Presented by: Goldcrest
Executive Producer: George A. Walker
Produced by: John Quested, Geoffrey Helman
Associate Producer: Donald S. Anderson
Production Manager: Robert Warner
Production Auditor: Barbara Miller
Assistant Auditors: Mark Bakunas, Abigail Ireland
Location Manager: David Hartley
Production Office Supervisor: Eileen Eichenstein
Production Secretary: Sandra M. Stott
Production Assistants: John Sanders, Jim Wiggins, Cyndie Williams, Ellen Gannon, George Howell, Jennifer K. Richardson, Paul Bosanko
1st Assistant Director: Jay Tobias
2nd Assistant Director: Paula Brody
Script Supervisor: Cornelia Rogan
Casting by: Fincannon and Associates
[Casting] With: Judy Courtney
Casting Assistant: Pam Plummer
[Casting] With: D.L. Newton
Written by: Mike Hodges
Director of Photography: Gerry Fisher
Camera Operator: Gordon Hayman
2nd Camera Operators: Cary Fisher, Constantine Makris
Camera Focus: Maurizio Dotto, George Binnersley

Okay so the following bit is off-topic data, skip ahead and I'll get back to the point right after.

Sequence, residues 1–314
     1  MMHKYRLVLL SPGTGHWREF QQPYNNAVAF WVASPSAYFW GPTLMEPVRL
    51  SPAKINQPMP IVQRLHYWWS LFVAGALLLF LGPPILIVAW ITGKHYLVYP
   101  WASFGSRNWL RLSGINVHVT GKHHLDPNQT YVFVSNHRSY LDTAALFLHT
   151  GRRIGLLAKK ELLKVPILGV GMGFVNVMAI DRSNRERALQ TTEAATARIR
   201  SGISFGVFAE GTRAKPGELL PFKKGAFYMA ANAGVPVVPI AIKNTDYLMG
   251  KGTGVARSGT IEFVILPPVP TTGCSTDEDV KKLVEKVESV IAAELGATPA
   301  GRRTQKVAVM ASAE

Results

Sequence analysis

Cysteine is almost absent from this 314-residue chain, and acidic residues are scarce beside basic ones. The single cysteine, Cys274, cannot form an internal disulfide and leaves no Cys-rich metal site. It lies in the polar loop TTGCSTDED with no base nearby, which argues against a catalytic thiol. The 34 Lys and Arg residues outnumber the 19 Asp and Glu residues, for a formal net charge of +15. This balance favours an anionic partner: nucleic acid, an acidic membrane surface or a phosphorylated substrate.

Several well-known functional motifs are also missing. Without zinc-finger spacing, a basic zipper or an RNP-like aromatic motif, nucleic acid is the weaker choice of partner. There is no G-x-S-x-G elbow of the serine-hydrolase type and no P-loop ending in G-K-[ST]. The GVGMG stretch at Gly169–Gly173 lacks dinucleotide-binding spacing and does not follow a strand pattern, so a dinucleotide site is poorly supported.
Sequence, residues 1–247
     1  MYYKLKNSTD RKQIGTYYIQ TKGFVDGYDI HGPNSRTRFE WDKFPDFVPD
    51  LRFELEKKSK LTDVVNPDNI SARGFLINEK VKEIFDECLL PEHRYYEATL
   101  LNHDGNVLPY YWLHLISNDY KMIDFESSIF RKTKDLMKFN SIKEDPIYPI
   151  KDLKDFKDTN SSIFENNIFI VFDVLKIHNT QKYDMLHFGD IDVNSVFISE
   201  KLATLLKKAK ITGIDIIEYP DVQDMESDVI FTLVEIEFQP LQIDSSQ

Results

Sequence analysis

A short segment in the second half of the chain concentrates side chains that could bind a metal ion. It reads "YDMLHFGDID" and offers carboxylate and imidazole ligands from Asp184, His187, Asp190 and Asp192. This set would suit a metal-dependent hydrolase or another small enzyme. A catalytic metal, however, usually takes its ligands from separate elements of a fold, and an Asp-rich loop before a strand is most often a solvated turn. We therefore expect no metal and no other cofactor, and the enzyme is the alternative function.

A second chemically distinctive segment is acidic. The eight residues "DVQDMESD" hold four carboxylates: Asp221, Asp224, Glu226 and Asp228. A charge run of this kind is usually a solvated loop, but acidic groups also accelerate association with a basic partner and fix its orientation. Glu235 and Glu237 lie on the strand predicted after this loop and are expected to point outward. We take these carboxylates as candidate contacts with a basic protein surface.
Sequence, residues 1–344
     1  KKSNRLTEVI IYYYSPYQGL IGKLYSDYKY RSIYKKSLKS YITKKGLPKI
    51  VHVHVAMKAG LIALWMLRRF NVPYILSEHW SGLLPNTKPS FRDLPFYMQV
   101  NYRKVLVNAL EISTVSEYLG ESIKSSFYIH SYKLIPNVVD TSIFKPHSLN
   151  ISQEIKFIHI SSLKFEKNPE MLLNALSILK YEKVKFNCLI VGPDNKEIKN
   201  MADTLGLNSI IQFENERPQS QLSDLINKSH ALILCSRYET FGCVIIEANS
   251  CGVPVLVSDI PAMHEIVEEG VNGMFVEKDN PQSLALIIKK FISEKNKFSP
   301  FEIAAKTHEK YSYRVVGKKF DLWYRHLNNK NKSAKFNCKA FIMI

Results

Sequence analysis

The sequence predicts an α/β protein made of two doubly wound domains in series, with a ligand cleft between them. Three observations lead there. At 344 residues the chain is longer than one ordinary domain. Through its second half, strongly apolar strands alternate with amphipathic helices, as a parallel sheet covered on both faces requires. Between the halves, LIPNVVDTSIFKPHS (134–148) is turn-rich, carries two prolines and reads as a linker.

2nd Camera Focus: Herb Harton
Camera Assistants: Penny Sprague, Bill Finger
Gaffer: John Sprague
Best Boy - Electrics: Lynn Dodson
Key Grip: Gene Poole
Best Boy - Grips: Logan Berkshire
Grips: Rufus Granger, Eric Bartsch
Dolly Grip: Tim Bess
Still Photographer: Phillip Caruso
Special Effects: Bob Shelley’s Special Effects International Inc.
Special Effects: Bob Shelley, Robert Shelley Jr, Willard Stephens
Edited by: Malcolm Cooke
1st Assistant Editor: Kerry Kohler
Location Assistant Editor: Darcy Bowman
2nd Assistant Editor: Dominic Cooke
Production Designer: Voytek
Art Director: Patricia Klawonn
Set Director: Jennifer Williams
Lead Person: Barbara Kahn
Set Dressers: Matt Sullivan, Doug White, Fermon Judd, Peter Reeves, Ron Servicky
Standby Scenic: Mark S. Turner
Chargeman Scenic: Robert Testerman
Property Master: Suzy Lapick
Property Assistant: Joseph Fiacco
Construction Co-ordinators: Tommy Moye, Jeffrey Schlatter
Construction Foreman: Carl Copeland
Lead Painter: Carolyn Brand
Assistant to Costume Designer: Gloria Laughridge
Costume Supervisor: Deborah Latham
Costumes by: Clifford Capone
Costumer: Alonzo Wilson
Set Costumers: Amy Lilley, Alonzo Wilson